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Asthma study patient who died worked at Hopkins lab

By Tom Pelton, Jonathan Bor and Gary Cohn
Sun Staff
Originally published June 17, 2001

The woman who died after inhaling a drug in an experiment at the Johns Hopkins School of Medicine was a 24-year-old lab technician who worked for the university's asthma center, which conducted the study.

Ellen M. Roche of Reisterstown, whom friends described as a bubbly, vivacious person who loved horses and had just bought her first house, was to have been paid $365 at the completion of the experiment, according to interviews and documents.

"She was perfectly healthy and a wonderful person. It's just a tragedy to have something like this happen. She volunteered for the study to try to help others," said Charles Noel, a retired railroad supervisor from Reisterstown and longtime family friend.

Roche died June 2 at the Johns Hopkins Bayview Medical Center, about a month after taking part in an experiment designed to help doctors understand a healthy person's natural defenses against asthma.

She developed a cough and flu-like symptoms a day after the test and was admitted to the hospital after X-rays showed a lung inflammation.

Roche's death was the first time in more than a decade that a research subject died at Hopkins from complications directly related to an experiment - not from an underlying illness.

The death was announced Wednesday by the medical school in a sparsely worded statement that did not identify the volunteer. The Office for Human Research Protections, which oversees the safety of federally funded research studies, launched an investigation the next day.

Yesterday, Hopkins released a detailed description of the study and a consent form shown to volunteers before they were accepted.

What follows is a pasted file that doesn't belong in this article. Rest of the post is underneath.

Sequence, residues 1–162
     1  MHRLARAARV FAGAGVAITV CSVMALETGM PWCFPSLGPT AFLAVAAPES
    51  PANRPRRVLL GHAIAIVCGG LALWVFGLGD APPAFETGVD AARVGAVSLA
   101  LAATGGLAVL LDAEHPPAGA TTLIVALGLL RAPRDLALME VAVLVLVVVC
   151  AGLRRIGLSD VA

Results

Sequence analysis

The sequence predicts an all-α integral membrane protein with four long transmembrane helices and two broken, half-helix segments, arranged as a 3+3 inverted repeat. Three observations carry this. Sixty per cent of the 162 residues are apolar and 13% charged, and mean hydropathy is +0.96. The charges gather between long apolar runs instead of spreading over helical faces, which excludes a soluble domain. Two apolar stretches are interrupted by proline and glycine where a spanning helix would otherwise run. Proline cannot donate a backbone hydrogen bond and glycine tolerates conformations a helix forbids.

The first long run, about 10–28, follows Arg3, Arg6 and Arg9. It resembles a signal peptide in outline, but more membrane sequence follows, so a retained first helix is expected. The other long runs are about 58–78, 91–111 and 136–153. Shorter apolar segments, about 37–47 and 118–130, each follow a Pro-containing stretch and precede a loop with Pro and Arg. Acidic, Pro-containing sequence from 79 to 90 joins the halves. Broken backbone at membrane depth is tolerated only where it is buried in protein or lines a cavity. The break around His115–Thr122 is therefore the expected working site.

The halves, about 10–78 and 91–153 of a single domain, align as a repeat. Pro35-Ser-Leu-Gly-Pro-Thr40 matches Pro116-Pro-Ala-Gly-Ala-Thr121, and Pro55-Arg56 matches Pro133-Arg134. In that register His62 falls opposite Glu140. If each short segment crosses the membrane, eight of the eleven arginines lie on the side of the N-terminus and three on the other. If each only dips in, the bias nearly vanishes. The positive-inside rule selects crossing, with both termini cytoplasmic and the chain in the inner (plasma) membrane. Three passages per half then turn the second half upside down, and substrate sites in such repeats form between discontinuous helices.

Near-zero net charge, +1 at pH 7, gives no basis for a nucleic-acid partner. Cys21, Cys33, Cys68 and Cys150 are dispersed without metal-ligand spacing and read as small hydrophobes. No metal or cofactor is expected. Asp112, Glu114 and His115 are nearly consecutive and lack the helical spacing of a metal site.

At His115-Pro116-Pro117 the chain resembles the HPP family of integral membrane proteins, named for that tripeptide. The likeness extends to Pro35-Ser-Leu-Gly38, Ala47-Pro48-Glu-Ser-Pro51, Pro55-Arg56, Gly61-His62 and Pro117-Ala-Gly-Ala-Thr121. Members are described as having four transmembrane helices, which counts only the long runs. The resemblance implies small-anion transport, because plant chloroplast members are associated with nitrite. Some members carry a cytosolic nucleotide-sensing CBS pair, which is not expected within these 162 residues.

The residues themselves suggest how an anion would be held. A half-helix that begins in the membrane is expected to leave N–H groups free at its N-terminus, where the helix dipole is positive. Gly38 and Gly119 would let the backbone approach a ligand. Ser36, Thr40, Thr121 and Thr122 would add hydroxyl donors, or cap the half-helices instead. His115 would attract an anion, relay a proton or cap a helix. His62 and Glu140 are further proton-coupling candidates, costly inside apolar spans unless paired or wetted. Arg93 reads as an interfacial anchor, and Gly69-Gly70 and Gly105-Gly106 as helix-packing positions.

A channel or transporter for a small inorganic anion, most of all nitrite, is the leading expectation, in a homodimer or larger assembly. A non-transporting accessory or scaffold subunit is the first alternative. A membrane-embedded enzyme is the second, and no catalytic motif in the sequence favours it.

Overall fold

In the consent form, doctors warned of possible side effects including a cough, dizziness and a tight chest - but nothing life-threatening.

Medications and fluids would be given, they said, to reverse any side effects. A doctor would be present to treat the patient if problems arose.

Researchers planned to recruit 10 people, some of them staff at the Johns Hopkins Hospital and the Bayview Medical Center. While it is a common practice for medical centers to recruit employees and students as research subjects, some ethicists say it raises questions about whether they feel subtle pressure to volunteer.

In their description of the study, researchers said they were attempting to discover the natural mechanisms that protect healthy people from having asthma attacks. Asthma, which strikes 10 million Americans, is a disease in which the airways close down when patients breathe allergens, irritants or other substances.

The experiment, funded by the National Institutes of Health, was directed by Dr. Alkis Togias. It was part of a larger body of research overseen by Dr. Solbert Permutt.

In studies that began several years ago, Hopkins scientists discovered that healthy airways tend to close down, too. But people compensate by taking deep breaths that stretch the airways and cause them to reopen.

The experiment in which Roche died was designed to identify the exact reflex - the neurological pathway - that causes this response.

Volunteers were told that they would visit the center seven to nine times. During the first four visits, they would inhale a drug, methacholine, to induce "a mild asthma attack" that would produce a tight chest, some coughing and mild shortness of breath, according to the consent form.

"These go away on their own within a short period of time," the form says. "If you do not want to wait until the symptoms go away on their own, a lung spray will be given to you which will take the symptoms away within a few minutes."

Experts outside Hopkins said methacholine is commonly used in research and in clinical settings and is regarded as safe.

During the fifth visit, volunteers would be asked to take deep breaths before or after inhaling the drug, the form says. This would help doctors observe whether the breaths prevented the mild attack by opening the airways.

Roche apparently died in a subsequent phase of testing that began with the sixth visit. Some volunteers would take another drug - hexamethonium - before taking methacholine and breathing deeply.

Doctors had theorized that that drug would counteract the beneficial effects of deep breathing. If doctors could interfere with the body's defenses, they might better understand how those worked.

Hexamethonium could have side effects, the volunteers were warned. It could reduce blood pressure and make them feel dizzy when they stood up.

As a safeguard, volunteers would be hooked up to a heart monitor and have their blood pressure monitored. Doctors could also provide fluids through an intravenous tube if blood pressure sank dangerously low, the form said.